The China Consulate in Auckland has praised the "spontaneous patriotism" of Auckland University students opposed to Hong Kong secessionism involved in a scuffle on Monday.
On Monday, at the University of Auckland campus, students supportive of Hong Kong as part of China clashed with students demonstrating against an extradition Bill in Hong Kong and Beijing's influence in the city.
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The extradition Bill has been extremely controversial in the "one country, two systems" nation as it would allow those in the city to be extradited to mainland China for trial. Massive protests in Hong Kong saw the Bill suspended in July, but some continue to protest that it should be withdrawn.
A verbal dispute began on Monday, which turned physical after a protesting woman was pushed to the ground. Video footage of the incident emerged on the "New Zealander Hong Konger" Facebook page.
The China Consulate in Auckland has since released two statements - one in English and one in Chinese - praising the "spontaneous patriotism" of some of the students for standing up for China and opposing splitting the country.
"The Consulate General strongly condemns the use of the recent situation in Hong Kong, under the pretext of so-called academic freedom and freedom of expression, on the university campus to engage in smearing attacks on the Chinese government and the Hong Kong SAR government, inciting anti-China sentiment, and creating opposition between Chinese and Hong Kong students," a translated version of the Chinese text also says.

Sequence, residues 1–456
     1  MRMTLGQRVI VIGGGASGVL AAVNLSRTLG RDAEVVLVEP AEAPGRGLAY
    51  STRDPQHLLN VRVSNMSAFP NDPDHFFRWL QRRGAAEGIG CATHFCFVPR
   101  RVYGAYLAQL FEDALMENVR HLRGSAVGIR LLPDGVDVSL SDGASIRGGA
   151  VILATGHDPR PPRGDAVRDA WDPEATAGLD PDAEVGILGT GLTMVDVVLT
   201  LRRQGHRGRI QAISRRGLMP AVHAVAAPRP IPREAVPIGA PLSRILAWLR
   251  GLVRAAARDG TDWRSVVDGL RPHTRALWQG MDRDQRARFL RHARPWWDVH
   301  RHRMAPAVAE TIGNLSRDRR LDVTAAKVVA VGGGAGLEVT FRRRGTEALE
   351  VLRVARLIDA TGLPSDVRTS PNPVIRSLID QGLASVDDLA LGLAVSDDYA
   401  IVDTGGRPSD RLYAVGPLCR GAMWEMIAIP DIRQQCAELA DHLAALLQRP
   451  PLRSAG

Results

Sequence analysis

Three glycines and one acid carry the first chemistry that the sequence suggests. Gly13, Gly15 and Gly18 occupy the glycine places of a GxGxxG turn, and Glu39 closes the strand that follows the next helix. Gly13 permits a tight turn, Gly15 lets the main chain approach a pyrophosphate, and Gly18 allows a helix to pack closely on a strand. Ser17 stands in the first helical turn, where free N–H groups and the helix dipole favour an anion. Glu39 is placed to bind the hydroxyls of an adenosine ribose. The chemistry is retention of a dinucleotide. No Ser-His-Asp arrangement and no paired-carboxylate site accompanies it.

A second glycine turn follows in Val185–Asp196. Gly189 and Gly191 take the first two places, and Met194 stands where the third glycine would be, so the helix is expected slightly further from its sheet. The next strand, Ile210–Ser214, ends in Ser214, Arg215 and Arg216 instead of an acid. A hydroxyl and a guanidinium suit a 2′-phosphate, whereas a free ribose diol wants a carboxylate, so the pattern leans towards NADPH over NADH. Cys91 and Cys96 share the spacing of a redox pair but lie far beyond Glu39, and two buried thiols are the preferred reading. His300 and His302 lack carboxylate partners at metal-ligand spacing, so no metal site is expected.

Expert on China, Anne-Marie Brady, reacted to the statement on Twitter by saying it was "pretty huge".
"It is part of a global trend in [Communist Party of China] foreign policy under Xi of undiplomatic behaviour by Chinese diplomats."
Consulate calls media reports 'biased'
The Consulate also slammed New Zealand media reports of the incident and the events in Hong Kong as "biased".
"Some New Zealand media reported on this, but the content of the report was biased, especially the description of the recent situation in Hong Kong was seriously untrue.
"In Hong Kong, some people with ulterior motives and media took the opportunity to spread alarmist speeches, create social panic, and obstruct the bill from being passed in the Legislative Council."
It said while the local police had approved peaceful protest, "some militants deliberately created violent assaults and smuggling of government agencies."
The Consulate then goes on to criticise "anti-Chinese politicians in the West [which] have issued irresponsible remarks and played a less glamorous role".
"To put it bluntly, they are nothing more than trying to mess up Hong Kong and turn Hong Kong into a trouble for China.
"The Consulate General wishes to reiterate here that Hong Kong is China's Hong Kong and that Hong Kong affairs are China's internal affairs, and no external forces can interfere."
The statement ended by asking students to abide by New Zealand laws and university regulations and hoped "the New Zealand community will continue to create a good environment for Chinese students".
Foreign Affairs Minister Winston Peters told Stuff: "New Zealand values the right to peaceful protest and freedom of expression, and we fully support the exercise of those freedoms."
The university has responded to the dispute by beginning an investigation and saying it had been advised of a number of student disputes over differing viewpoints on the events in Hong Kong. Police have also confirmed to Newshub a complainant had been spoken to and it would investigate the incident.
Hong Kong was returned to China from Britain in 1997, with a "one country, two systems" form of governance that allows freedoms not enjoyed in mainland China, including freedom to protest and an independent judiciary.
Opponents to the Bill say it is a threat to Hong Kong's rule of law.